TAMPA — A decade ago, the Great Recession put Hillsborough and Pinellas counties' efforts to grow their foreign exports on hold.
But since then those efforts have returned, gained support and momentum, expanded the range of their ambition and are now being organized under an initiative known as Global Tampa Bay.
Previously known as the Tampa Bay Export Alliance, Global Tampa Bay now consists of the economic development organizations in Hillsborough, Pinellas and Pasco counties. It still aims to increase local companies' overseas sales. But also has a second goal: To attract more direct foreign investment to the bay area.
"We know the world's economic map is changing," said Michael Baughen, executive director and market manager for JP Morgan Chase & Co., which sponsored Friday's rollout of the initiative in downtown Tampa. "In the next decade, we expect 80 percent of consumption growth around the world to occur outside of the U.S. and Europe."
So five years ago, JP Morgan and the Brookings Institution launched a global cities initiative to help metro leaders become more internationally aware and savvy. The Tampa Bay area was one of 28 U.S. communities selected for the effort.
"One of the findings of that study that really caught our attention is if Tampa Bay could just become average in the percentage of our regional product that is devoted to exports, we could add $8 billion to our economy and 40,000 new jobs," Pinellas County Economic Development director Mike Meidel told a crowd of about 200 at the University Club.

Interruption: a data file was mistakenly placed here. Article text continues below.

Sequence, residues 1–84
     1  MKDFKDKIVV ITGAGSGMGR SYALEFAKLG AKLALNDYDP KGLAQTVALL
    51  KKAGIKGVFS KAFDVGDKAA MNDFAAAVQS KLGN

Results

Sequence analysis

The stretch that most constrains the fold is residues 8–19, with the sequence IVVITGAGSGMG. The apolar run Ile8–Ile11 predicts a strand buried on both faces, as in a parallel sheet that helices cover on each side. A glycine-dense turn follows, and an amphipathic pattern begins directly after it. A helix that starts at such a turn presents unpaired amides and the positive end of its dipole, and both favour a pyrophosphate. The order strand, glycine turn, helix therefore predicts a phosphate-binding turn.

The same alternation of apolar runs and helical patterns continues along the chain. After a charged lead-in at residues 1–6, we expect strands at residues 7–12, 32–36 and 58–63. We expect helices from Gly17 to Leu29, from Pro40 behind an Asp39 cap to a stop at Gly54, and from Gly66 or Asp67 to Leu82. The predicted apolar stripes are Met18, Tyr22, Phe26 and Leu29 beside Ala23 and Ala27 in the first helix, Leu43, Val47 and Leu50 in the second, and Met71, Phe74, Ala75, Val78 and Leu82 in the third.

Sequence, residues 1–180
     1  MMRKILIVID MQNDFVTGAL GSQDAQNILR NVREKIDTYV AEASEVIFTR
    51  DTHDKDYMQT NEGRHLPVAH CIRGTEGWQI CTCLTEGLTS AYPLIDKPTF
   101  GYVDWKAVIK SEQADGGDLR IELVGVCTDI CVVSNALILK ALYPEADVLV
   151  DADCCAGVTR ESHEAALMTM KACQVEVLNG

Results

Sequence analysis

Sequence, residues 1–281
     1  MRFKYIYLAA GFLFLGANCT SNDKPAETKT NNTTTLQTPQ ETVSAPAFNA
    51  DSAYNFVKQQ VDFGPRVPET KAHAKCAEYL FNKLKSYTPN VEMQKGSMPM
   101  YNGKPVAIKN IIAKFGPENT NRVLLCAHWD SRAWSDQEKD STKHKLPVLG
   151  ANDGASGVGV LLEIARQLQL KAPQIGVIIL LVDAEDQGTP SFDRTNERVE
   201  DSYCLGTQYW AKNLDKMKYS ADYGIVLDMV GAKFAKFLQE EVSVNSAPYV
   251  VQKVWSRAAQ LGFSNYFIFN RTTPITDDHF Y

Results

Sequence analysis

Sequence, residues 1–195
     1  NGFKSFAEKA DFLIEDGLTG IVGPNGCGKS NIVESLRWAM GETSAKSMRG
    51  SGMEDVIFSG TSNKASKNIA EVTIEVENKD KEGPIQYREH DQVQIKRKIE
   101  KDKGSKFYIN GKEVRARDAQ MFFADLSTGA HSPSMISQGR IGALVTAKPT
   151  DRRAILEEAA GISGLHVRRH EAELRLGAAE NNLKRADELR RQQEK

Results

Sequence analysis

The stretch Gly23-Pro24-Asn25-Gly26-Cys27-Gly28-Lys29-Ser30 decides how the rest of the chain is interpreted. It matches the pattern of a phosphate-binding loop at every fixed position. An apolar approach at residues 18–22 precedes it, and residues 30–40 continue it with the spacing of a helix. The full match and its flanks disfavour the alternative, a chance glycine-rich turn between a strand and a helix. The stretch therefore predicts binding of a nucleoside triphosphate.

Pinellas and Hillsborough launched the Tampa Bay Export Alliance in 2014, and soon thereafter the bay area joined Enterprise Florida on a trip to Panama. Later that year, the bay area organized its first joint trade mission and went to Chile. Trips to Canada and Costa Rica took place in 2015. In 2016, Pasco's Economic Development Council got involved on an informal basis.
Global Tampa Bay last month returned from a trade mission to Mexico, and plans to return to Chile in September.
"We have to grow up in our thinking and catch up with the rest of the world," Pinellas County Commission chairman Kenneth T. Welch said. "The rest of the world views us as a Tampa Bay community."
Tampa Mayor Bob Buckhorn likewise said the bay area needs to work together to be not a regional player, but a global competitor.
It's why, he said, Hillsborough officials have supported investing nearly $2 billion in improving Tampa International Airport, where officials are pursuing more direct international flights, $24 million more so that Port Tampa Bay can handle larger container ships and nearly $400 million to create an elevated connector to speed truck traffic between the port and Interstate 4.
And finally, he said, it's why local businesses should sign up for trade missions abroad.
"You get the business not by sending emails," Buckhorn said. "You get the business by getting on airplane and flying as long as it takes, as far as it takes, as uncomfortable as it is, in coach, with your head up against the restroom (wall) ... and you get off that plane and you put on your A-game and you go get that business. Because you won't get it sitting on your a-- around here."
Contact Richard Danielson at firstname.lastname@example.org or (813) 226-3403. Follow @Danielson_Times